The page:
Open-Xchange (OX for short) promotes itself as the “leading solution” in the open source email and groupware market. Whether or not that’s true is open to debate, but it is an established solution with, as well as an enterprise server (Open-Xchange Server Edition) a more scalable and modular implementation for service providers (Open-Xchange Hosting Edition). Both are commercially licensed and the bulk of the product is open source.
The core OX server is written in Java, run as an independent service on Linux with support for Debian, plus Red Hat and SUSE Enterprise platforms. A number of other common open source components are also utilised including MySQL to handle the data store, Apache for client communication (using HTTP/S) and a choice of either Dovecot, Cyrus or Courier IMAP servers although, according to the developers any SMTP/IMAP service can be incorporated.
At the user end there’s a custom AJAX based browser client with the usual Outlook-like GUI that supports all the messaging and groupware features. Alternatively there’s an Outlook plug-in referred to as the Outlook OXtender (open source humour!), but only for use with Outlook 2003/2007. Earlier versions are not supported.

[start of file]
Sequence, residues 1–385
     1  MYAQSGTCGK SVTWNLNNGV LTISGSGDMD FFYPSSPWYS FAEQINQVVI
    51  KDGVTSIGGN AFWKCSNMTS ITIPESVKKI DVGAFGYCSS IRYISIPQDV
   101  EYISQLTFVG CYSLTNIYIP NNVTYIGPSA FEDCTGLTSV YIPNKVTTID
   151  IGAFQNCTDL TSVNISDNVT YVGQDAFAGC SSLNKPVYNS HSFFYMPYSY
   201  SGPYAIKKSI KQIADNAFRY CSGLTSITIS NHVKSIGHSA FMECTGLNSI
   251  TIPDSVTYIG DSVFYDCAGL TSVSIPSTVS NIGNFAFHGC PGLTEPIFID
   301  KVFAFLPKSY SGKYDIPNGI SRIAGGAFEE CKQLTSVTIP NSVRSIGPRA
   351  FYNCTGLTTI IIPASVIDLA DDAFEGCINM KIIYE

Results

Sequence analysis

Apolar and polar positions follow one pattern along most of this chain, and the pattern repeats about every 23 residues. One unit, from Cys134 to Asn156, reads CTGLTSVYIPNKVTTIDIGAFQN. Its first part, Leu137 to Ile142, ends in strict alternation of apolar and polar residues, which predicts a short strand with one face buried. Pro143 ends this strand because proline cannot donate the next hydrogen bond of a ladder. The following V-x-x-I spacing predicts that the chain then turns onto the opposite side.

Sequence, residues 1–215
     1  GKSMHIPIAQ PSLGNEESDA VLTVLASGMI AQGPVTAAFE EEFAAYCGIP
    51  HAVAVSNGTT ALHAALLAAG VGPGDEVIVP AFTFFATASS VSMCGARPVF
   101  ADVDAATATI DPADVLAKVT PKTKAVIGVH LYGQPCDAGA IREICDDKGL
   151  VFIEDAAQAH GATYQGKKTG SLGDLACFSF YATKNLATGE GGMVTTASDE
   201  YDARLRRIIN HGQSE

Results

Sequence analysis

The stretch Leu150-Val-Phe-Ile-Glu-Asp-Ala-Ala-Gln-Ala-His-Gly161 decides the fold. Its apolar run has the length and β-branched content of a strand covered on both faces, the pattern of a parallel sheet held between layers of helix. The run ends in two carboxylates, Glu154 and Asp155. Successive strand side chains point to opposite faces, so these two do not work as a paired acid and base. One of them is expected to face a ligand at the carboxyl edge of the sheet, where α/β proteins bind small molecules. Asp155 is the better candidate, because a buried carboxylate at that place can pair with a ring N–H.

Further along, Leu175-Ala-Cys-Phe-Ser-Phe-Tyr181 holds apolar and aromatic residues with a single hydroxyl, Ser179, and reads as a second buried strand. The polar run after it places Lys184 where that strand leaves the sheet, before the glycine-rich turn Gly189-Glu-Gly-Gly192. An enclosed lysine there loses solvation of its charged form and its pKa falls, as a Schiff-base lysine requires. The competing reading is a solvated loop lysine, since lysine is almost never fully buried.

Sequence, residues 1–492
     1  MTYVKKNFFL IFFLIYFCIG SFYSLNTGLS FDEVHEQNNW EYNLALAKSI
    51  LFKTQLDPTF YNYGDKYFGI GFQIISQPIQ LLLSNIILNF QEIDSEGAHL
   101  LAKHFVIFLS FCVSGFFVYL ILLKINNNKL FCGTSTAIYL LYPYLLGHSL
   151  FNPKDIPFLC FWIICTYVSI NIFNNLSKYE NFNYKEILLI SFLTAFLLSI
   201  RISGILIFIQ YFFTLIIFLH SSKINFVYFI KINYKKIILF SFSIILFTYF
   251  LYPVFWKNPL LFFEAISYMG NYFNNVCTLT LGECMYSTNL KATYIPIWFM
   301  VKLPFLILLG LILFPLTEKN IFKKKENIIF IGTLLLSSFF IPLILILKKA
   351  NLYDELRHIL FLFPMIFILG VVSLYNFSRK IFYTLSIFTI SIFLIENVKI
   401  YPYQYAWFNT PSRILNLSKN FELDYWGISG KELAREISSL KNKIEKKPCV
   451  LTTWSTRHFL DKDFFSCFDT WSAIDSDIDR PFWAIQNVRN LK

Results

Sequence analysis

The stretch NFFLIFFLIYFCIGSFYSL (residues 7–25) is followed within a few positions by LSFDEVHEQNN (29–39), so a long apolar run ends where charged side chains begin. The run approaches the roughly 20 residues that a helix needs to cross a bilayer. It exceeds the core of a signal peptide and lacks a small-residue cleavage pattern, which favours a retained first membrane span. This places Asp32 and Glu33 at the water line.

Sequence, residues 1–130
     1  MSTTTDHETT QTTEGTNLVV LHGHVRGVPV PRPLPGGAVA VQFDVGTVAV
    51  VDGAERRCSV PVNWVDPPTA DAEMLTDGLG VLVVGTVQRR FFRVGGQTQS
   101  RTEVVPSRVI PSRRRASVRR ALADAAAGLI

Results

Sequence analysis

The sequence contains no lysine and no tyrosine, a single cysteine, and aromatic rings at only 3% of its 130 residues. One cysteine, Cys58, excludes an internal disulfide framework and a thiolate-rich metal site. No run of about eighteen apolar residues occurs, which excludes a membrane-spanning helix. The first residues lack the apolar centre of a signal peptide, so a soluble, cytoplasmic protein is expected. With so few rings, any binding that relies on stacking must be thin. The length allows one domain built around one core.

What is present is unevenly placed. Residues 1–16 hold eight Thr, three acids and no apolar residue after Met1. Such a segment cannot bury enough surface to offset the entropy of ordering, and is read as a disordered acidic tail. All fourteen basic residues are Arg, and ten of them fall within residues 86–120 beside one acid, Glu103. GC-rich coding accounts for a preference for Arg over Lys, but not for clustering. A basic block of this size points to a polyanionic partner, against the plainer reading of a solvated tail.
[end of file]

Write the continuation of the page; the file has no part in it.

The OXtender, is neither free nor open source and, unlike plug-ins for most other Exchange clones, isn’t involved in message handling. It just looks after the groupware features, synchronizing the contents of local calendars, contacts and tasks folders with data on the OX server. Journals and Notes aren’t supported in the current version, although folder sharing is, along with a global address book and both personal and group calendars. Automatic checking of free/busy time is also available when scheduling calendar events through Outlook.
Synchronisation of the groupware folders is done using what’s called OXDAV, effectively XML structures transferred using WebDAV, with a triggered push mechanism and server-side caching to minimise the amount of client/server traffic.
Email messages, meanwhile, are sent and received using the native Outlook SMTP/IMAP/POP3 account facilities, with IMAP strongly recommended over POP3. Unfortunately that means users don’t get a single integrated Inbox, just the usual Personal Folders Inbox and another for each IMAP account. Moreover, because it’s pure IMAP, there’s no immediate notification when messages are received and deleted messages have to be purged before they’re removed from the server. That’s quite different from the Exchange experience and something of a drawback for buyers looking for an open source replacement.